Friday April 22
There are two dimensions that seem to be coming to the fore in countries all over the world - inequality and corruption. They are linked in different ways, the most obvious is of course that it is the poor who suffer most from corruption. And the better off who gains.
When we were living in Kenya, we tried to put inequality on the political agenda though an intensive collaboration with NGOs and the Ministry of Planning. The pattern of the 2008 post election violence was not a surprise to anyone who had studied public statistics. That the eruption came that year and in conjunction with an election was certainly not known, but the writing on the wall had been there for some time. And corruption was the biggest talk of the town, year after year.
When I was working for the African Development Bank in Tunis, the most common issue in discussions with Tunisian colleagues was not oppression or the role of the secret police. It was the grand scale corruption of the First Family.
Many African leaders are afraid today when watching Al Jazeera. One reason is that they know that everybody else in their countries also watches, thinks and reflects. And starts to ask questions about their own rulers and their amassment of wealth.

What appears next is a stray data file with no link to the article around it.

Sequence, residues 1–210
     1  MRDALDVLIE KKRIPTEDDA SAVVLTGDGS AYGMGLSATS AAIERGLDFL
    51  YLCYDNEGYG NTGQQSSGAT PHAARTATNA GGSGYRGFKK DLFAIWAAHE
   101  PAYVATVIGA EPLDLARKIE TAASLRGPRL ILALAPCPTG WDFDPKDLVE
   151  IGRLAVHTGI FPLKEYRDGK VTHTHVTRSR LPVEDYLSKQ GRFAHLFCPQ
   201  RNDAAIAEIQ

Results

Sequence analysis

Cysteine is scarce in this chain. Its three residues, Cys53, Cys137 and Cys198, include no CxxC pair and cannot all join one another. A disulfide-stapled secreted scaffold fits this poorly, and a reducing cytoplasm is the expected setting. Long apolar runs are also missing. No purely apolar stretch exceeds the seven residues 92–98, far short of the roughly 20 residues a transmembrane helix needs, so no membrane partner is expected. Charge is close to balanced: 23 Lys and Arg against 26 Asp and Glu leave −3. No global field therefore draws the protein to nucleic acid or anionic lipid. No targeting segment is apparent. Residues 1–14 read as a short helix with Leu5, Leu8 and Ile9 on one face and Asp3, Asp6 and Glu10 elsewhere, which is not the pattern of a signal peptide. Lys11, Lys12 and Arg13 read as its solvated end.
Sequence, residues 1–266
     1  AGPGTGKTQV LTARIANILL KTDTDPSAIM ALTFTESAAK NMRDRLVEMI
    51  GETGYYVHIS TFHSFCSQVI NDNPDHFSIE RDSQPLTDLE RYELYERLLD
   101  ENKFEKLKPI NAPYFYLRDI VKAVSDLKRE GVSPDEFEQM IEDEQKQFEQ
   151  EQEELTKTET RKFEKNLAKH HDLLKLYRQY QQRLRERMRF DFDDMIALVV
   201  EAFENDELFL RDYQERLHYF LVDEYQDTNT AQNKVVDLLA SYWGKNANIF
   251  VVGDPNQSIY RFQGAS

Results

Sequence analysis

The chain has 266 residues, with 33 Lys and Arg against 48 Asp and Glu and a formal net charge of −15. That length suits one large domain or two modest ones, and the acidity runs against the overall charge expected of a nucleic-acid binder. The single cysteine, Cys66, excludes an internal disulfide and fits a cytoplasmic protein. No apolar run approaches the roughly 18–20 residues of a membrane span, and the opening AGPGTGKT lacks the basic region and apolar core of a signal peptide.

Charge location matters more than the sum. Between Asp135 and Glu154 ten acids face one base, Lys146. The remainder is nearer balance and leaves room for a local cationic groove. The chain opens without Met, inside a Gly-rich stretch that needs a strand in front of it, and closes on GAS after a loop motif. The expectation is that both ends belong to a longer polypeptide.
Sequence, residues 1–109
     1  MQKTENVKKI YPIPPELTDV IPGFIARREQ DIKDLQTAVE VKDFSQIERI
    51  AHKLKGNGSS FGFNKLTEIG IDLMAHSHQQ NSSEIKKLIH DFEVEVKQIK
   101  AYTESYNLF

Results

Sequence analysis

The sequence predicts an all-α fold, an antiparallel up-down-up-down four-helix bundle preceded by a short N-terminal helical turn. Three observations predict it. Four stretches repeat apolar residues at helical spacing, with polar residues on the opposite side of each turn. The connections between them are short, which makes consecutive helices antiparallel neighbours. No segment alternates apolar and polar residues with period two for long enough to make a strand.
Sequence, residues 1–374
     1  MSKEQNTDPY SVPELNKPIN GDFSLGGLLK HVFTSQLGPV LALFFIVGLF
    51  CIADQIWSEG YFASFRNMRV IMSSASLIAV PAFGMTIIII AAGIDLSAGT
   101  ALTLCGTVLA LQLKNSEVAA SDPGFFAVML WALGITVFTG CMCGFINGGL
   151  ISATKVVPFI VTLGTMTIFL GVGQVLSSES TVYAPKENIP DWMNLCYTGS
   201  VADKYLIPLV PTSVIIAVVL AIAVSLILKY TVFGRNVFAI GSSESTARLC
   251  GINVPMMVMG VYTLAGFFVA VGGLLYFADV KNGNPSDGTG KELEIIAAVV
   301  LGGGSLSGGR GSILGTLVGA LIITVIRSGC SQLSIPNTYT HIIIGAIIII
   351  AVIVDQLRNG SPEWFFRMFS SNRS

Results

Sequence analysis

Will they (n)ever learn?
Ehtiopia has the reputation for being reasonably non corrupt, and insiders think that the bad Transparency International ranking is surprising. But asking taxi drivers (seasoned political analysts) they say that of course you can bribe a policeman, and of course many of the main investment deals are made possible through government blessings and handshaking of sorts.
Some days back the Tanzanian President sacked his whole political party inner circle. The reason was clear: Corruption.
So maybe some of the leaders will learn, gradually. But inequality – and corruption - are not only domestic issues for poor countries, they should be a growing concern also in rich countries and globally.
We have the rich – and the rest. Both are problems, not solutions.
Will we ever learn?
Abject poverty, together with diverse authoritarian regimes created a special attitude towards money, including the physical handling of money. Those who say that money does not smell have not been to Ethiopia is a worn phrase, unfortunately with a ring of truth in it.
Ethiopia was probably the country in the whole word that opened up last to ATM. I remember, 8 years ago, being told to go to Sheraton which had the only ATM in Addis, with around 3 million inhabitants. Money was kept, changed and changed hands – but never laundried……… (Corruption was fairly low in these days.)
Now there are a few more but ill functioning ATM machines in place, and old notes are seldom seen or smelled.